Workspaces and Scripts

Parsing Rules for A+ Script Files

A+ script files are parsed from top to bottom when loaded, and all unresolved names are assumed to be variables. For example, suppose the following two lines appear in a script, in this order:
f{x}:g  x
g{y}:y,' '
When this script is loaded, the definition of the function f is parsed before that of g, and therefore g is assumed to be a (global) variable in the definition of f, and the symbol is taken to be the dyadic primitive. Then the definition of g is parsed and it is determined that g is a function. When f is evaluated, a type error results because the dyadic primitive is passed a function as a left argument.
 : type
*     x         Inquire about x
 `sym            It's a symbol.
*     {g}
 `func           But g is a function.
This problem could have avoided by defining g before f. In general, however, and certainly in large applications, it is not reasonable (and sometimes not possible) to maintain scripts so that functions are always defined before they used. The problem could also be avoided by using the alternate function-call syntax; in the above example:
     f{x}:g{ x}
Now the A+ process can tell from the syntax that g is a monadic function, whether or not it has been defined. This syntax is unambiguous, whereas that of f in the original definition is ambiguous.


   Expression Continuation in Entry and Function Definition

When an expression, expression group, or function definition is entered on several lines in an A+ session, A+ supplies stars at the left of each line to indicate the depth of punctuation. In general, these stars are used to indicate the total number of open quotation marks (at most one), braces, and parentheses, and an expression or function definition remains open until they are closed. Brackets are not treated in this way, however, and in the absence of an open quote, brace, or parenthesis a line or series of lines with an open bracket elicits an error message. Pressing the Enter key while inside a quotation mark inserts a newline character in the quoted string, but pressing Linefeed causes A+ to ignore all entries on the current line that follow the open quote (including the Linefeed itself).

If any brackets, braces, or parentheses are open when a function definition is closed, a token error is reported and the definition does not take effect. At the time when such punctuation becomes isolated (e.g., after the closing parenthesis for the bracket in (3 4;bd[1;3)),  a message "Mismatched parentheses" (no matter what the punctuation - brackets, braces, or parentheses!) appears at the bottom of the screen in Emacs.

The expressions case(target) and if(condition) and while(condition) are each followed by an expression or expression group in actual usage, but they are considered by the parser to be complete (with a Null as the following expression) when they are followed by the Enter, so don't break a line there unless you have something else holding the expression open, and don't immediately follow an if(condition) with an else with the intention of returning and filling in the if action unless you are very sure you won't forget.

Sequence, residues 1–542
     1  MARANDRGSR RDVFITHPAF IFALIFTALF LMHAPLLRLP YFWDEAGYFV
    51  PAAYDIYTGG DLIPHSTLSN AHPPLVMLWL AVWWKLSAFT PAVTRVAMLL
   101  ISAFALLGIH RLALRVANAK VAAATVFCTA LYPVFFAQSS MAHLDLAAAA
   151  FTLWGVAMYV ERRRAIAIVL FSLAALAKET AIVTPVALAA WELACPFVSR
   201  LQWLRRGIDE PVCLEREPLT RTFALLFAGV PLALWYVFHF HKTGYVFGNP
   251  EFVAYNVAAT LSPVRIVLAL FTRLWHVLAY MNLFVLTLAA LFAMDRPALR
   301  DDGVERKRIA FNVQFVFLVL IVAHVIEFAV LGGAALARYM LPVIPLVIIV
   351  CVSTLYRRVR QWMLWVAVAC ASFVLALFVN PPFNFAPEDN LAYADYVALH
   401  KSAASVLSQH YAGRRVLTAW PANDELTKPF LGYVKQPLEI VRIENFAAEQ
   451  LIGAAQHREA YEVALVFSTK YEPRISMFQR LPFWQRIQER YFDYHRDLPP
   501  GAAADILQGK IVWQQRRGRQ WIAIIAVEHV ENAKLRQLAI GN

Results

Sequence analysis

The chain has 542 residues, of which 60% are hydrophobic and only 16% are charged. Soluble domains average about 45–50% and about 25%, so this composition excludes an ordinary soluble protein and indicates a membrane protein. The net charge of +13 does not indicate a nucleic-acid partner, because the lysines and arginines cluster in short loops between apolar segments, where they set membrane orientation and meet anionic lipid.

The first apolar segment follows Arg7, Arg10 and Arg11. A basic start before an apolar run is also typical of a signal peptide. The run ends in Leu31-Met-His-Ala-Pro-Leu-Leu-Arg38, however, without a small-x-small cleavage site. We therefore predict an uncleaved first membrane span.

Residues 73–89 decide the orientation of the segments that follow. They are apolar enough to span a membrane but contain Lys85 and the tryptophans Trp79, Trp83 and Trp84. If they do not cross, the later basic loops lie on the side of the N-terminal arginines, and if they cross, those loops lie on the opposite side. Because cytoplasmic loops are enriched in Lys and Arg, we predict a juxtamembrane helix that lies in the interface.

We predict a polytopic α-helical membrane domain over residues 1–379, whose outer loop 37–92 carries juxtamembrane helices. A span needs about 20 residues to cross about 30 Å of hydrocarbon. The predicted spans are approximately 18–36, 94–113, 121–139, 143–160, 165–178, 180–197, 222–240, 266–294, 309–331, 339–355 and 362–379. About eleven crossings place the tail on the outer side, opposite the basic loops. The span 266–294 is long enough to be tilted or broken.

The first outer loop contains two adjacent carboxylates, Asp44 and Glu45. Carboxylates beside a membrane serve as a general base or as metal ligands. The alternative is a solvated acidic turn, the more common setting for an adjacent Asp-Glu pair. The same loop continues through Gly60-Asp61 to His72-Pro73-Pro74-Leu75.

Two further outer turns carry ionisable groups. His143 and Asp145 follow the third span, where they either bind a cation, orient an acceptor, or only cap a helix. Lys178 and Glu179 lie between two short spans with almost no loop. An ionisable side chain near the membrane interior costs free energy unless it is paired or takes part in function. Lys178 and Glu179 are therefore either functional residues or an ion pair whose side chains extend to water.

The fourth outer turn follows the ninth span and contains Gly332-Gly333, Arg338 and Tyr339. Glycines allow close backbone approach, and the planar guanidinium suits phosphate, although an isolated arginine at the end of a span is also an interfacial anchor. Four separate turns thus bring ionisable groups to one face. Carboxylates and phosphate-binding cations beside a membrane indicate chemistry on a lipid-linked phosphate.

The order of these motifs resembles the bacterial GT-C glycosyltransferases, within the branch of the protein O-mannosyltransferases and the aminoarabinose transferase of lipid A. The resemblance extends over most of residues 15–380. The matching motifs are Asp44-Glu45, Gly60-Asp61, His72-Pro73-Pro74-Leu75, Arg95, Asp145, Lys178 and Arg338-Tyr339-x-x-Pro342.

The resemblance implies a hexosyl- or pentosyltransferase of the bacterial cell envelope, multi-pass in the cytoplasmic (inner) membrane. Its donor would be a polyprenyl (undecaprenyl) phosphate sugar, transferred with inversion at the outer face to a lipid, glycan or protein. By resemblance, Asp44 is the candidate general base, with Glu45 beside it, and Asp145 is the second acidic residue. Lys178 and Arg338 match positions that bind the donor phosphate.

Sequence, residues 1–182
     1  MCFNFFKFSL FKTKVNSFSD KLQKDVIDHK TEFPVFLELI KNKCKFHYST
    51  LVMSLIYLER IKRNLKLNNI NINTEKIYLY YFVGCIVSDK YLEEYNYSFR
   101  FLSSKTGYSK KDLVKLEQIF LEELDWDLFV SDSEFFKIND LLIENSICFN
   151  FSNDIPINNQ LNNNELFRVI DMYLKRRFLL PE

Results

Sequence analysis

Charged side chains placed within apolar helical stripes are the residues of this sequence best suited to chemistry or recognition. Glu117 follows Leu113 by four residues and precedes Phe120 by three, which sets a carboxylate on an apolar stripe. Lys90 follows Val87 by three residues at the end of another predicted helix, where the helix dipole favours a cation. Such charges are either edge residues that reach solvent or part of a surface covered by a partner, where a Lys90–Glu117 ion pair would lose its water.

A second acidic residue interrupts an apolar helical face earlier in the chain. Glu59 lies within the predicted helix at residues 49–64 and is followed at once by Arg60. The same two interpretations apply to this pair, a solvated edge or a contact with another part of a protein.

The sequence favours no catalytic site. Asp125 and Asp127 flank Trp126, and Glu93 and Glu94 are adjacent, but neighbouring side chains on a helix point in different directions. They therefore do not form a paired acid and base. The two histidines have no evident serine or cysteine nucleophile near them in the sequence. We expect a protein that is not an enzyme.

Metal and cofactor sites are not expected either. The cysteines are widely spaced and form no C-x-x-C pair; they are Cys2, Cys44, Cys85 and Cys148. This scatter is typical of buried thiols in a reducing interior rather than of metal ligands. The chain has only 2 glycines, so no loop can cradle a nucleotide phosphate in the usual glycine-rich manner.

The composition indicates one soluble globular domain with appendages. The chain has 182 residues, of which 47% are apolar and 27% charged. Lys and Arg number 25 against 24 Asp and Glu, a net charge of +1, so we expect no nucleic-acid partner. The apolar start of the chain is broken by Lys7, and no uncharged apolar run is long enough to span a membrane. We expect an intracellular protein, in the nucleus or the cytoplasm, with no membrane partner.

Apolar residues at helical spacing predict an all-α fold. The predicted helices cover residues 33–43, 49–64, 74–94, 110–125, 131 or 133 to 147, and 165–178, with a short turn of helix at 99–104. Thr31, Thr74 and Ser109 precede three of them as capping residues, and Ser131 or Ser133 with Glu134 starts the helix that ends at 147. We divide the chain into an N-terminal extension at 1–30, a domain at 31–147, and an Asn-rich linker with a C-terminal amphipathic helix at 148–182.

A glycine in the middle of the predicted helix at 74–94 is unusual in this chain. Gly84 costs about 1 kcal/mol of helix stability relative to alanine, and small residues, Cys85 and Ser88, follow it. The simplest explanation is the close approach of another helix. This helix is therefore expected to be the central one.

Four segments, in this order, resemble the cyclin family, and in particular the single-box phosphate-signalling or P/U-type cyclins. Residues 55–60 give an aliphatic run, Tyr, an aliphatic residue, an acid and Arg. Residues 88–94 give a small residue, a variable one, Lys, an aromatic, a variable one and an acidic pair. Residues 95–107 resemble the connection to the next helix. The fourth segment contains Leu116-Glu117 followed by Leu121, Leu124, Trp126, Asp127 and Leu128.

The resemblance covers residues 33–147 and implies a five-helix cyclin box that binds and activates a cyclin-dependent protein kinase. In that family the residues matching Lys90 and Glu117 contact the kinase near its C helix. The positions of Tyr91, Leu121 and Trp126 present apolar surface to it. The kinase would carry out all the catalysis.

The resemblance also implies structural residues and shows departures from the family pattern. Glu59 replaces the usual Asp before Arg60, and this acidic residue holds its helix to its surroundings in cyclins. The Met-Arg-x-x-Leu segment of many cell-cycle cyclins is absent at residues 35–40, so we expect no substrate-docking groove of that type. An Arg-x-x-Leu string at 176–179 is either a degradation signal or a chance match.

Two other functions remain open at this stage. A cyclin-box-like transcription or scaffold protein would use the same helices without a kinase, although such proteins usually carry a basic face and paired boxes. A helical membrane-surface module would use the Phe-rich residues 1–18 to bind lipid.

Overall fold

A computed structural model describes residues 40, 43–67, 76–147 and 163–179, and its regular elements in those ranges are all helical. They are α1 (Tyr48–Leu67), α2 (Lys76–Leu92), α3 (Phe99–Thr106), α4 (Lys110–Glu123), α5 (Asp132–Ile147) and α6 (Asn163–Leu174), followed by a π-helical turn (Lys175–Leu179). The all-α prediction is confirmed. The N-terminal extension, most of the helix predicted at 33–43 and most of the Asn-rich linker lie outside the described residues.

Function definition has one continuation peculiar to itself: if the Enter key is pressed immediately after the colon following the function header, the function definition remains open, for just one more line (unless that line produces a continuation). If anything, however, even just a space, is entered after the colon, then there is no implied continuation. In particular, if only spaces are entered after the colon, a parse error is reported and the opening of the definition has no effect.

   Expression Groups for Immediate Execution

In immediate execution, when there is no pending punctuation or function definition, several expressions can be entered on one line, separated by semicolons. They will be treated as an expression group. The next section discusses the implications of this treatment for display.

One useful aspect of this treatment is that one can bring into the workspace for immediate execution a script line which is only part of an expression group. Putting it another way, an expression group or part thereof can be brought in and executed immediately as long as its punctuation is matching - as long as it contains either both or neither of the group's enclosing braces.

An expression in braces, with no semicolon, also constitutes an expression group.

   Immediate Execution Display

When an expression or expression group is entered for execution, by pressing the Enter key, an error message may be displayed. If it is not, then the result is displayed, except that it is not displayed for an expression whose last operation is Assign.

The display of the Null is indistinguishable from no display, so in effect the displaying of the result can be suppressed for an expression or expression group by appending a semicolon to it, making the expression a courtesy expression group. Likewise, display can be forced for an expression alone on a line, even when it ends with Assign, by preceding the expression with a semicolon. (Preceding such an assignment in immediate execution by a , thus applying Print to it, causes it to be displayed twice, once by Print and once as the default display of an expression whose last function is not Assign.)

For function and dependency definitions, there is no additional display: the entered definitions, together with the A+ prompts indicating depth of punctuation, are the entire displayed response.

   Default Display of Arrays

Arrays are listed in ravel order. Simple character arrays start at the left margin. Simple numeric arrays are indented one space. Numbers that are in columns in the display are aligned. Simple vectors are displayed horizontally. Simple arrays of higher rank are displayed with vertical columns, horizontal rows, one skipped line between cells of rank 2, an extra skipped line between cells of rank 3, and so on. For example: